UN Coordinator in Serbia Irena Vojáčková-Sollorano drew attention to the key highlights that describe the new mode of thought with regard to facing floods. The first one was that they represented a country’s developmental issue, as a disaster could annihilate the work of several decades and development must be considered to be jeopardized at such a moment.
Climate change is more than merely a new risk factor – it is a game-changer, she believes.
The Government has to be a key factor in the prevention and risk management of natural disasters, Vojáčková-Sollorano pointed out, adding that long-term thinking and securing the necessary funding were required.
She lauded the Prime Minister and the Government of Serbia for working towards a fast, efficient, and transparent recovery from the floods. Promising that she would offer assistance to the Serbian Government and that the presentation of the Program was only a first step towards this, she concluded her exposition with the message that Serbia can count on the UN to help.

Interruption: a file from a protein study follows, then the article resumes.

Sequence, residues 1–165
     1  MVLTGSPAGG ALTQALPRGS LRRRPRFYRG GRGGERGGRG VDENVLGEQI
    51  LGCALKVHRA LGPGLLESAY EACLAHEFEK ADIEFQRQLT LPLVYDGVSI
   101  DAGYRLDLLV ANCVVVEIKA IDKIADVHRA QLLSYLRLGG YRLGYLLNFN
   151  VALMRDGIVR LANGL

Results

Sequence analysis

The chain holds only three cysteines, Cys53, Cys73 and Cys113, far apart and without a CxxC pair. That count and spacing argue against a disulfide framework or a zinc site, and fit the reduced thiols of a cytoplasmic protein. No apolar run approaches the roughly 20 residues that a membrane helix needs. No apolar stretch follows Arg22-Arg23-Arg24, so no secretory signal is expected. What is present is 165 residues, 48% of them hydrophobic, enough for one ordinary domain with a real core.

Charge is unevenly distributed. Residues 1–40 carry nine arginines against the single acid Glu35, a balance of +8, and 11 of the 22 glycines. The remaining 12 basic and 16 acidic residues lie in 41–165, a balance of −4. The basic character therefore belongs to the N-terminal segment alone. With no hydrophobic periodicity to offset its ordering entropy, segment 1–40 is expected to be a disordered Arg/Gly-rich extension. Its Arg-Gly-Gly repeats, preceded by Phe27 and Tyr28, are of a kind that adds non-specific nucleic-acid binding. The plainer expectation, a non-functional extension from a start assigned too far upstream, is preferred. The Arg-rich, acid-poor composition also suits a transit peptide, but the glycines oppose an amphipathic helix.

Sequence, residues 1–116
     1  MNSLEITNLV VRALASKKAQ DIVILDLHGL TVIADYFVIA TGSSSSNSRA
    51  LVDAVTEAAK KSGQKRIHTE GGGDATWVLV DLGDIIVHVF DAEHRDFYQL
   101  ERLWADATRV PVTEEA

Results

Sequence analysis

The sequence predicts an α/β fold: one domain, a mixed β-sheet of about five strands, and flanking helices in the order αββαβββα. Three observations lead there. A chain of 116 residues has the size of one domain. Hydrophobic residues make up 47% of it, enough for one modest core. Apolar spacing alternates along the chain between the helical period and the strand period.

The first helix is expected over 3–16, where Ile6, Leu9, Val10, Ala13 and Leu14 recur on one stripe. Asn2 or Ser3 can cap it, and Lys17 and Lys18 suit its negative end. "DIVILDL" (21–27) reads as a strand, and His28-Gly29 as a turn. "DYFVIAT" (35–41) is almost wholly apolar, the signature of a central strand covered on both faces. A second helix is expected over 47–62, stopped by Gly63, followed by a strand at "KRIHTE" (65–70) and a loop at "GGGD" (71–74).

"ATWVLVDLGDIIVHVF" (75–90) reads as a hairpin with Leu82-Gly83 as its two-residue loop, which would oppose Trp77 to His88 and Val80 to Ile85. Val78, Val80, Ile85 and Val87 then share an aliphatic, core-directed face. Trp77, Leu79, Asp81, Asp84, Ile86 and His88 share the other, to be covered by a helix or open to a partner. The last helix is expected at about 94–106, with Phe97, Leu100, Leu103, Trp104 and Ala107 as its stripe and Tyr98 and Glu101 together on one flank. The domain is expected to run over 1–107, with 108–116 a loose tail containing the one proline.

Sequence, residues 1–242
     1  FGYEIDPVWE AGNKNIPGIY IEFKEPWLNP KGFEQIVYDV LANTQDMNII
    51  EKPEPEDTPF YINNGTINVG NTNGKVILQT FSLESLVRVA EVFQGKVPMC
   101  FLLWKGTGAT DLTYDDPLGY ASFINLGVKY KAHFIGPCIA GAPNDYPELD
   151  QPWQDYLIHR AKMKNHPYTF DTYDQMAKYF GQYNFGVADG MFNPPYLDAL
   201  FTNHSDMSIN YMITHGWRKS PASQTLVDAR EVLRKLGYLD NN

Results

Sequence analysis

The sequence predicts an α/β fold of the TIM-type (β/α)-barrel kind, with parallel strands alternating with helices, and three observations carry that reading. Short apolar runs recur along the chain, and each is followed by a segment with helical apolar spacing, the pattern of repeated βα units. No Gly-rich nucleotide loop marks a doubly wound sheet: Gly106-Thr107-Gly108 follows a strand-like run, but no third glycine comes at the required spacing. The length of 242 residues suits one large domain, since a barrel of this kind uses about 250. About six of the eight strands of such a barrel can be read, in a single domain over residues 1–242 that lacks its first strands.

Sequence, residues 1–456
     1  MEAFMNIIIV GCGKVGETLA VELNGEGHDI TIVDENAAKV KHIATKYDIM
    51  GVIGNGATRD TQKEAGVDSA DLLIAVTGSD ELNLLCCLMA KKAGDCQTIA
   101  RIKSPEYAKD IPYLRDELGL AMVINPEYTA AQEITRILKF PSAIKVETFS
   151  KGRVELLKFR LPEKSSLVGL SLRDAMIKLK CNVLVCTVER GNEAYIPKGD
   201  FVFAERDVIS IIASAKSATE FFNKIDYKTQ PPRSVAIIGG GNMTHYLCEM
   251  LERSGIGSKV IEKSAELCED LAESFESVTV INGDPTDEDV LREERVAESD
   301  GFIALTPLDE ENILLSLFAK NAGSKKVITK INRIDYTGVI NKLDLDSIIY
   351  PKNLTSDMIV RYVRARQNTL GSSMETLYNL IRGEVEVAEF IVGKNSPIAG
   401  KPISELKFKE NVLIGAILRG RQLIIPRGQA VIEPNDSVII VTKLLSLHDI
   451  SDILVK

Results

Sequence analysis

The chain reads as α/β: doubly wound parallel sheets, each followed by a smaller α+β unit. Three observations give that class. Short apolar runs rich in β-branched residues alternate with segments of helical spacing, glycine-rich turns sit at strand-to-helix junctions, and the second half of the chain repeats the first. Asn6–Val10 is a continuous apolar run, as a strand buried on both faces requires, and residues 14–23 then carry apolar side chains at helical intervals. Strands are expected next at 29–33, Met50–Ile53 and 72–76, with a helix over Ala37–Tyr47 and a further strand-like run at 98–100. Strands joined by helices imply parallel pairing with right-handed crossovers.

World Bank Director for Southeastern Europe, Europe, and Central Asia Ellen Goldstein spoke admiringly of all that Serbia has done in damage reparation after last year’s natural disasters. She made the assessment that the National Program was a very important step in the prevention of future disasters.
As she declared, it will facilitate even better coordination between the Government and its agencies, as well as every other subject participating in these processes.